Okay, this blog post is kind of an experiment! I originally posted this in the University of Oklahoma Group (and crossposted at my external Teaching with Canvas blog), back before I realized that basically nobody would ever or could ever see the content. I didn't realize that a private group meant no access to the content at all, not even via search, and even when I pinged people in the Community, they could not access the post (that's what happened today, Chris Hofer , with that item that ended up in the private group).
And now, with the revamp of the Community space a while back, I have a personal blog space of my own here (so glad about that!), so I am trying this experiment thanks to a suggestion from Biray Seitz to see if I can safely relocate content out of the not-very-useful private group into the much more useful public blog. Fingers crossed! I am changing the "location" of the post using the box below. Now we'll see if it works! I'm not sure what it will do to the date or the RSS, so I am curious what switching locations really means. Mostly, I will just be happy if it lets me recirculate some of those old blog posts. :-)
Update: SUCCESS. When I do a search now without even being logged in, this post shows up now that it is in a public area! For long-term access and re-use, being part of the Search is essential Now it is!
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Today's post is about Flickr Albums! Canvas already has good integration with Flickr image search which makes it easy to include individual Flickr images in a Canvas Page, and you can even browser Flickr to find images to use as course cards.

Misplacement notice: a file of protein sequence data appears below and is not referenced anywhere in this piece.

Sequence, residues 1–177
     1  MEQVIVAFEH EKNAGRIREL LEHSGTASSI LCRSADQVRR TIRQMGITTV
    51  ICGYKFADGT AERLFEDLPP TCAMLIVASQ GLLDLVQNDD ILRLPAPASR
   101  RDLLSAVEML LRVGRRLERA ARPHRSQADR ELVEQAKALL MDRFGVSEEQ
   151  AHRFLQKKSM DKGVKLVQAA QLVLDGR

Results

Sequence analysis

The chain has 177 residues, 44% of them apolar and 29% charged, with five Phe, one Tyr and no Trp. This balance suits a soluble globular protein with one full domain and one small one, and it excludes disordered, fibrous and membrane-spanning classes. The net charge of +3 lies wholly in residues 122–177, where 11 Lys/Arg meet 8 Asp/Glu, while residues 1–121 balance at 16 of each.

Thanks to the great File-in-Page trick I learned at the Community last week (thanks again to James Jones and Sharmaine Regisford !) , I'm now able to embed Flickr Albums in Canvas pages too. Here are step by step instructions: Step by Step Flickr Album in Canvas.
Here's a screenshot of an album in a Page:
So, in addition to being able to embed Flickr albums in other spaces (blog sidebars, webpages, etc.), now you can embed them in a Canvas page or in a Canvas discussion board. The iframe solution works in both spaces; here's a screenshot of the same album in the Discussion Board. You can use an album to provide a range of visual prompts for the discussion, and the album approach allows students to respond to the one that most interests them — and they can easily access the Flickr photo page to grab the URL to include in their reply:
For people who have followed Flickr for a while, this embedded album option is really great to see! Years ago, Flickr had an excellent embedded slideshow option, but it was Flash-based. They discontinued that, with no other good option in place, but now this new embedded album has come along, and I think it is a very nice solution. I wish they would offer an embedded album option for displaying live search results (that would be really cool!), but this is certainly as good as the old slideshow, and in some ways it is better; I find it more visually appealing than the old slideshow. :-)